Rights groups say Jammeh’s opponents were tortured, and some died, in detention centres including the Mile 2 Central Prison in Banjul.

Interior Ministry spokesman Lamin Baba Njie said by telephone that 79 people had been released from Mile 2, and a further 19 from other prisons.

“The releases are part of the prisons reform agenda,” he said.

(Reporting by Lamine Jahateh; Writing by Tim Cocks; Editing by Andrew Roche)

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Man injured after falling from height at Orchard Central

SINGAPORE: A young man was injured at Orchard Central on Friday afternoon (Feb 24), after he reportedly fell from a ledge on the fourth floor.

The Singapore Civil Defence Force (SCDF) confirmed that a man was sent to Tan Tock Seng Hospital.It added that it was alerted to the incident at about 4.05pm. 

Blood was seen on the ground and the man appeared to be unconscious, according to an eyewitness.

Blood seen on the ground where the man fell.

Hole on a fourth floor ledge where a man is said to have fallen from.

“A lot of people were trying to do CPR on him. They kept trying and trying for a good 15 minutes at least,” said Devi Rajaram who was at the scene. “He was just motionless.”

She added that there was “whitish” debris on the floor.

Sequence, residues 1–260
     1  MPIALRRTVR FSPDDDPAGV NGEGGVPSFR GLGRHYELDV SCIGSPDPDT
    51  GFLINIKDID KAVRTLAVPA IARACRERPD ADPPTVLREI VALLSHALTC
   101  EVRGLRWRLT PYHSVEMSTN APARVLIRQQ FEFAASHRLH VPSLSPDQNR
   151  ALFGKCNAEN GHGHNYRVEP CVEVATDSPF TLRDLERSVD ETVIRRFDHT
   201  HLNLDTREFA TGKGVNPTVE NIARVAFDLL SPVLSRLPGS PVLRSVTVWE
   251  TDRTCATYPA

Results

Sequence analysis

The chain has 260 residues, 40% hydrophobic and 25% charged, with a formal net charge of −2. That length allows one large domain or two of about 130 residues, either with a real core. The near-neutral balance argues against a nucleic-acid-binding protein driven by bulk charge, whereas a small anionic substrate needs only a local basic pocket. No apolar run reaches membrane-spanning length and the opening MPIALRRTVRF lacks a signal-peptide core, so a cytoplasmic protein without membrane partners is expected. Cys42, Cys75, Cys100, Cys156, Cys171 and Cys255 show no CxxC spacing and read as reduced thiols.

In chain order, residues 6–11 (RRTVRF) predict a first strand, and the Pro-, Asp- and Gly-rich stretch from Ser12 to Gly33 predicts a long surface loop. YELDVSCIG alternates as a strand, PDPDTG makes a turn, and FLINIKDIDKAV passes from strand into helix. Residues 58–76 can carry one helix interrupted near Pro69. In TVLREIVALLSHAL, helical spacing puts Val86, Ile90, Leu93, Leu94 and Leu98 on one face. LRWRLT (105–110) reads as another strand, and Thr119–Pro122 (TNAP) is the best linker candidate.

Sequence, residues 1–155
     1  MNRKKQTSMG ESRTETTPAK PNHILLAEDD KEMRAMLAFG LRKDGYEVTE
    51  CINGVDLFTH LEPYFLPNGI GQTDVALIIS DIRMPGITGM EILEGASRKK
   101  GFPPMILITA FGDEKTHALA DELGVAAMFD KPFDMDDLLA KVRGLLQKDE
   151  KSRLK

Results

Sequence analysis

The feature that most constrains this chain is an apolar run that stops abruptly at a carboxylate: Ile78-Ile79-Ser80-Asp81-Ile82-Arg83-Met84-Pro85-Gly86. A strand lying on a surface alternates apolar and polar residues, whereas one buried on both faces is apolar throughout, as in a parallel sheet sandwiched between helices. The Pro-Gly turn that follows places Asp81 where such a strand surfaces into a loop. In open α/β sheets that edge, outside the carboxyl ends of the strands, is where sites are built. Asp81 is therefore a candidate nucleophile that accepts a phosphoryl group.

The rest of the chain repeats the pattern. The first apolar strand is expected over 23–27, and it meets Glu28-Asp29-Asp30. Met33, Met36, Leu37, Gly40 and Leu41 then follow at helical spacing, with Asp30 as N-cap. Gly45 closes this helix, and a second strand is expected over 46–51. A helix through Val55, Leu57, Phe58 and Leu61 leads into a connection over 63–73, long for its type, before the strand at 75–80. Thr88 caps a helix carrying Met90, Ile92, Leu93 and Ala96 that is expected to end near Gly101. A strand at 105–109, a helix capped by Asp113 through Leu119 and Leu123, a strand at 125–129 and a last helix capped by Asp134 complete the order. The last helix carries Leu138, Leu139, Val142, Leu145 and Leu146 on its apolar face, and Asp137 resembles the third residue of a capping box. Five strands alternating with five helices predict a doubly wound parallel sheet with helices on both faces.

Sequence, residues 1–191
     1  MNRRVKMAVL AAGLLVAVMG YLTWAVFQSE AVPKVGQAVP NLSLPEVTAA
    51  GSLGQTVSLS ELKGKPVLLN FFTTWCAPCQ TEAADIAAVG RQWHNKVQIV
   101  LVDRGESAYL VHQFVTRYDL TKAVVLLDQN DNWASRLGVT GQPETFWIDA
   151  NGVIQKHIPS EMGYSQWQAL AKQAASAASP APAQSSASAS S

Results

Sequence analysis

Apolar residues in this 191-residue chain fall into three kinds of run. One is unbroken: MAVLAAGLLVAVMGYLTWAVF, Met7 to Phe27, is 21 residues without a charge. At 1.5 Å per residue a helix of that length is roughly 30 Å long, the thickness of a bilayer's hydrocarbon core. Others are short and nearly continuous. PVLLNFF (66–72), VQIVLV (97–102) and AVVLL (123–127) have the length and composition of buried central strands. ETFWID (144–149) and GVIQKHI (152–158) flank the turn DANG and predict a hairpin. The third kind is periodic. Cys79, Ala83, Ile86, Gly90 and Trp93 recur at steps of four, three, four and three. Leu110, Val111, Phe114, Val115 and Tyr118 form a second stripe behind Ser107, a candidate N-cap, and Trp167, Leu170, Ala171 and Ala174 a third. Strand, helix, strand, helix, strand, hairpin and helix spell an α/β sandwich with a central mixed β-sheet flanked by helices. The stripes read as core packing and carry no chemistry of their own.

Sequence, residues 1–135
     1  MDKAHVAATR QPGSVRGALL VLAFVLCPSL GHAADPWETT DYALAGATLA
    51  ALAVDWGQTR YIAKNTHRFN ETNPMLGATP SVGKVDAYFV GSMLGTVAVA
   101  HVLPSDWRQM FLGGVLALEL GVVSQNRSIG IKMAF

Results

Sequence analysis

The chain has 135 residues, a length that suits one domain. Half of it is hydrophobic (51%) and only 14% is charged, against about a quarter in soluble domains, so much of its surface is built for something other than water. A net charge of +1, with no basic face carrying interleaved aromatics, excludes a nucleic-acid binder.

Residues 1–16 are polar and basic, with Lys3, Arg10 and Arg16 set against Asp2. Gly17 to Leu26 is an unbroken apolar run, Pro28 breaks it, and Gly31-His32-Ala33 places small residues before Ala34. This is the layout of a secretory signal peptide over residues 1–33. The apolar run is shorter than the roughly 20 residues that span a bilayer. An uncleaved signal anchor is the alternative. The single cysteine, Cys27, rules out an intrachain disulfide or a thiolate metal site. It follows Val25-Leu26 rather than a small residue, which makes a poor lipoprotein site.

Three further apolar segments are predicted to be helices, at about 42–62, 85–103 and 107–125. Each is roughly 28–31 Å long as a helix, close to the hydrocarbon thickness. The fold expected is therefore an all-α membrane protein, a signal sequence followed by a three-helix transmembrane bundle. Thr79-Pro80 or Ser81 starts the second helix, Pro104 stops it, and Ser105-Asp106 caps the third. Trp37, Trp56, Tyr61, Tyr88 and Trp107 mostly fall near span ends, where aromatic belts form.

Another eyewitness, Mike Tan, told Channel NewsAsia that he was having coffee with a friend when they heard a scream and saw the man falling. He said he called for an ambulance at 4.02pm and was instructed to look for an automated external defibrillator. 

The SCDF said CPR was administered by its paramedics on the way to the hospital which was on standby to receive him.

The area on the ground floor where the man fell has been cordoned off and a link bridge on the fourth floor is now closed.

Link bridge leading to Orchard Gateway is closed.

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Australia, US agree to deal exempting Australian citizens from travel ban

SYDNEY: Australian dual-nationals will not be affected by U.S. President Donald Trump’s executive order blocking visitors from seven Muslim-majority nations, Australian Prime Minister Malcolm Turnbull said on Tuesday.

“Australian passport holders will be able to travel to the United States in the same way they were able to prior to the executive order,” Mr Turnbull told Sky News television.

“I’ve just received that official confirmation.”

(Reporting by Tom Westbrook)

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Singapore's December manufacturing output jumps 21.3% from previous year

SINGAPORE: Singapore’s manufacturing output in December surged 21.3 per cent from a year ago, on the back of strong growth in electronics and pharmaceuticals output.

Excluding the more volatile biomedical manufacturing, output grew 16.1 per cent, according to data released on Thursday (Jan 26) by the Singapore Economic Development Board (EDB). 

On a month-on-month seasonally-adjusted basis, industrial production rose 6.4 per cent in December 2016 compared to the previous month.

Overall, manufacturing output rose 3.6 per cent in 2016 over 2015.